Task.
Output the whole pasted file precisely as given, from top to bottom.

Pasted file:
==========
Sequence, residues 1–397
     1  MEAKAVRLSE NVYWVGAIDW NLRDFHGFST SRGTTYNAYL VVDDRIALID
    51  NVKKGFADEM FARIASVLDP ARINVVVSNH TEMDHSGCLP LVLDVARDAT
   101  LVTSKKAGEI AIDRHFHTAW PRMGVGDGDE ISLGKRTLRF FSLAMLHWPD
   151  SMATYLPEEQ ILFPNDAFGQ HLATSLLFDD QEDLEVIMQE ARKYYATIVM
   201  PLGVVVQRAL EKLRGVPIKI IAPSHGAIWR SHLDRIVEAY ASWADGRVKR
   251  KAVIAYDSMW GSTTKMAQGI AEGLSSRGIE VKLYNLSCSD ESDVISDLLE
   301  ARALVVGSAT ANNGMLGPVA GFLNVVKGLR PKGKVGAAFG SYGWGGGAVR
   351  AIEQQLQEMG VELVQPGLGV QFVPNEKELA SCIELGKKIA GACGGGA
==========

Sequence, residues 1–397
     1  MEAKAVRLSE NVYWVGAIDW NLRDFHGFST SRGTTYNAYL VVDDRIALID
    51  NVKKGFADEM FARIASVLDP ARINVVVSNH TEMDHSGCLP LVLDVARDAT
   101  LVTSKKAGEI AIDRHFHTAW PRMGVGDGDE ISLGKRTLRF FSLAMLHWPD
   151  SMATYLPEEQ ILFPNDAFGQ HLATSLLFDD QEDLEVIMQE ARKYYATIVM
   201  PLGVVVQRAL EKLRGVPIKI IAPSHGAIWR SHLDRIVEAY ASWADGRVKR
   251  KAVIAYDSMW GSTTKMAQGI AEGLSSRGIE VKLYNLSCSD ESDVISDLLE
   301  ARALVVGSAT ANNGMLGPVA GFLNVVKGLR PKGKVGAAFG SYGWGGGAVR
   351  AIEQQLQEMG VELVQPGLGV QFVPNEKELA SCIELGKKIA GACGGGA